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Archive of (Charles) Bruce Chatwin


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The papers comprise Black moleskine diaries, 1969-1988; Papers concerning Afghanistan, 1963-1964, 1969; Notebooks concerning Chatwin's work at Sotheby's, [1965-1966]; Early writings, 1965-1968, n.d.; Papers concerning undergraduate archaeology studies at the University of Edinburgh, 1966-1969; F. Notebooks concerning Chatwin's work as co-curator, with Emma Bunker and Ann Farkas; of the Animal Style exhibition, Asia House Gallery, New York, 1967; Papers concerning unpublished work 'The Nomadic Alternative', mainly c.1968-1973; Journalism, 1970-1986; Correspondence and papers concerning In Patagonia, 1974-1978; Correspondence and papers concerning The Viceroy of Ouidah, [1973]-1981; Papers concerning On the Black Hill, 1980-1982; Papers concerning The Songlines, 1983-1987; Papers concerning Utz, [1987-1988]; Papers concerning What Am I Doing Here, [1988]; Last writings and papers, 1986-1989; Works included in posthumous publication Anatomy of Restlessness: Unpublished Writings (1996); Miscellaneous correspondence and papers, 1966-1987, n.d.; Financial correspondence and papers, 1977-1981; Correspondence and papers relating to July 1989 Sotheby's sale of Chatwin papers, July-Oct. 1989


  • Creation: 1963-1989


18.92 Linear metres (175 physical shelfmarks)

Language of Materials

  • English

Preferred Citation

Oxford, Bodleian Libraries [followed by shelfmark and folio or page reference, e.g. MS. Eng. e. 3672, fol. 1].

Please see our help page for further guidance on citing archives and manuscripts.

Full range of shelfmarks:

MSS. Eng. b. 2153-2155; c. 7834-7877; d. 3951-4002; e. 3672-3744

Collection ID (for staff)

CMD ID 7027


Papers of (Charles) Bruce Chatwin (1940-1989), writer.

Biographical / Historical

Introduction by Chatwin's biographer, Nicholas Shakespeare:

In 1991, I was invited by his estate to write the biography of Bruce Chatwin. I was granted unrestricted access to his papers, contained in 41 boxes and lodged with the Modern Western Manuscript collection at the Bodleian. I would spend a total of seven summers sitting in the reading room, getting to grips with Chatwin’s handwriting and attempting to track the sequence of his life. In 2010, according to the terms of its bequest, this archive was made open to the public.

Chatwin was a private person who in his published texts minimised his own biography. Perhaps for this reason, one of his literary executors, Redmond O’Hanlon, went so far as to hope that the already legendary moleskines – the black-bound notebooks that Chatwin purchased in Paris – would be bound to contain a mass of intimate material.

Those approaching this archive in the expectation of finding an equivalent of, say, Roger Casement’s Black Diaries will be disappointed. There is nothing salacious in Chatwin’s 85 notebooks – not because they have been vetted or censored, but for the simple reason that Bruce Chatwin was not by nature a confessional observer. What his archive instead reveals – and does so again and again – is in many respects much more rewarding.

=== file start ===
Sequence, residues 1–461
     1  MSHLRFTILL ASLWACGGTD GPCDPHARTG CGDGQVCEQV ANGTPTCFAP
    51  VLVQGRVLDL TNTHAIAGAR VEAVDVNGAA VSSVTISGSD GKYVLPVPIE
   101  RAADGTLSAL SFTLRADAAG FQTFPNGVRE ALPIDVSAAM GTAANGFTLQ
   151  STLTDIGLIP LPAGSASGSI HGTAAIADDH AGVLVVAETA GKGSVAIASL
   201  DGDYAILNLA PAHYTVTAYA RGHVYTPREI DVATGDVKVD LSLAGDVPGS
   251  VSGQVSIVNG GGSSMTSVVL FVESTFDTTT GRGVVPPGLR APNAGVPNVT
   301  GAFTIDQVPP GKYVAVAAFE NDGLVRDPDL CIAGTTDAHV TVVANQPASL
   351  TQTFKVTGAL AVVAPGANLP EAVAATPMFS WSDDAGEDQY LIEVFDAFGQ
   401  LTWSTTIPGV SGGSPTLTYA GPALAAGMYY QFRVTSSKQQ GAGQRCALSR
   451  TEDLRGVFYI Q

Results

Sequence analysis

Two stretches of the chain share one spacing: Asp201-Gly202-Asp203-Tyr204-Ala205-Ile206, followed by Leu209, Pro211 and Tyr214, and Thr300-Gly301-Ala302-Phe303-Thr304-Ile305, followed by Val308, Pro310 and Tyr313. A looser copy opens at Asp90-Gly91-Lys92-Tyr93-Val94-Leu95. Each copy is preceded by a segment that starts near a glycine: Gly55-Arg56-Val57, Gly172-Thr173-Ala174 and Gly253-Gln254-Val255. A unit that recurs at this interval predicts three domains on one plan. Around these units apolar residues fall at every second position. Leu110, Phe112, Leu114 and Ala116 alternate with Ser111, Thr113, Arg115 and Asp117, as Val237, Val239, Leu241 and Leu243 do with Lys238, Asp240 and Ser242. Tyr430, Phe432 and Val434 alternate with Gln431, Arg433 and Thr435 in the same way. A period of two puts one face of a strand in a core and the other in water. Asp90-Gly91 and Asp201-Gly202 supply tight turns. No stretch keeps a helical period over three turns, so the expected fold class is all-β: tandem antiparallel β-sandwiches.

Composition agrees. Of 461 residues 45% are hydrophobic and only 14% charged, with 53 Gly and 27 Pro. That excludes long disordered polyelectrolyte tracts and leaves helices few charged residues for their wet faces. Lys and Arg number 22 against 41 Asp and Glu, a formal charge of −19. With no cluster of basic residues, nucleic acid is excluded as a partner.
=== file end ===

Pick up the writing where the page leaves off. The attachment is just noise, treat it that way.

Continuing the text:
The task of unscrambling Chatwin’s life was not made easier by his habit, before he set off on a journey, of grabbing whatever notebook lay to hand. It is not unusual in a single moleskine to come across records of his travels to Brazil, the United States, Australia – journeys undertaken, perhaps, over a span of a decade. Chatwin rarely dated his entries and, when he did so, it was not uncommon for him to write down the wrong year. Many of his notes refer to what he is reading, and remind us that even an author as peripatetic as Chatwin passed a huge number of hours sitting in libraries. Aside from his research material, there are doodles, maps, snatches of conversation, descriptions of his natural surrounds, telephone numbers, addresses, photographs, draft paragraphs, financial resumés.

Illuminating though they are, the notebooks are but one facet of Chatwin’s archive. Here you will also find his lecture notes when an archaeology student at Edinburgh University, early drafts of his manuscripts, his correspondence. In short, the travels but also the intellectual and artistic development of one of the most original literary figures of the past fifty years.

Bruce Chatwin was conceived in a hotel south of Aberystwyth and born on 13 May, 1940 in the Shearwood Road Nursing Home in Sheffield. His father Charles Chatwin was a Birmingham solicitor; he was away at sea in the Navy when Chatwin was born. His mother Margharita Turnell, the daughter of a clerk for a Sheffield knife-manufacturer, brought him up in the homes of great-uncles, great-aunts and grandparents. He had a younger brother Hugh, born on 1 July, 1944.

For Chatwin’s first six years, mother and son were everything to each other as they fled from the noise of war. The carpet-bombing of Coventry in November 1940 frightened Margharita into giving up the small house which Charles had rented for them in Barnt Green. Her memory of the awesome orange glow in the night sky continued to haunt her after she bolted north. She would talk to herself and shout out, hunting for her absent husband, "Charles! Charles!" As they shuttled on the train between a dozen dwelling-places, including pokey lodgings in Baslow and Filey, Chatwin’s duty was to be the brave little boy looking after his distressed mother.